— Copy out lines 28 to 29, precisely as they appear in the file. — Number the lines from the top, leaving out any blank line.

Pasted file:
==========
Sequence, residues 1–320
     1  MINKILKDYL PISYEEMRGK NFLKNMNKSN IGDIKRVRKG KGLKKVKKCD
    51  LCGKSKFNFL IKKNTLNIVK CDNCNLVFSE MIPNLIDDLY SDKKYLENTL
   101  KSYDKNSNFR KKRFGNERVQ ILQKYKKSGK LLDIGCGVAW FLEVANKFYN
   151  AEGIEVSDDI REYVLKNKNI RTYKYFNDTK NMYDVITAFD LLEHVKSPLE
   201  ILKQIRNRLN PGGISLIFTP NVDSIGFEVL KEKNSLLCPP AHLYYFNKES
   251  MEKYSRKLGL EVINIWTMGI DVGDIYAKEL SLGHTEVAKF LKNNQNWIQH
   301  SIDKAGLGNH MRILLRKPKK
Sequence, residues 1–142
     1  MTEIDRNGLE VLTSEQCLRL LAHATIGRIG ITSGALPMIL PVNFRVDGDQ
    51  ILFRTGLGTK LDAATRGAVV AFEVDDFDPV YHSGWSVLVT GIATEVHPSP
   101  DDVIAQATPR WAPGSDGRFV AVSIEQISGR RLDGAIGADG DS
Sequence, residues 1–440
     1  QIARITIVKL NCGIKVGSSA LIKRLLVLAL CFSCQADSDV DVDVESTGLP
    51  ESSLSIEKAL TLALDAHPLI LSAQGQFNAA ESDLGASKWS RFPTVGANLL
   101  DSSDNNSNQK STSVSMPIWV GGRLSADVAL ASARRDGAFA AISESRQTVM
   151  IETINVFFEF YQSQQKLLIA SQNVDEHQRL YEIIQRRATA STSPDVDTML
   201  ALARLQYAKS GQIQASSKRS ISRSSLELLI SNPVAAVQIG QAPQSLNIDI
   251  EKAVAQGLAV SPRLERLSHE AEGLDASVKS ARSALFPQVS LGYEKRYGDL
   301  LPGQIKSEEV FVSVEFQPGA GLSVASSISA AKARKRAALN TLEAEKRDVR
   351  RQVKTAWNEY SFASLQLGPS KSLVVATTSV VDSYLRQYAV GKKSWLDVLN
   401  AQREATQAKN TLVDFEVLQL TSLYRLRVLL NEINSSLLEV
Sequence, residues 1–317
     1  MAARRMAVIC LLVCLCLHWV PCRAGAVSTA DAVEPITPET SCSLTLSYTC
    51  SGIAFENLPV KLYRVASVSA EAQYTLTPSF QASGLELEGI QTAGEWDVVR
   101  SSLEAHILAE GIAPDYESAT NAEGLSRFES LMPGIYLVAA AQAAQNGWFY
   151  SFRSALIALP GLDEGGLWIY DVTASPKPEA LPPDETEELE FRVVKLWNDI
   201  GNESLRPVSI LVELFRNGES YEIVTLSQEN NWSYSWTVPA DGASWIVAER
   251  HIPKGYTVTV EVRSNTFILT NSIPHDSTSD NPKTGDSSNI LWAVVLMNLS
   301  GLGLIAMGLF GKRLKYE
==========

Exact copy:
   201  GNESLRPVSI LVELFRNGES YEIVTLSQEN NWSYSWTVPA DGASWIVAER
   251  HIPKGYTVTV EVRSNTFILT NSIPHDSTSD NPKTGDSSNI LWAVVLMNLS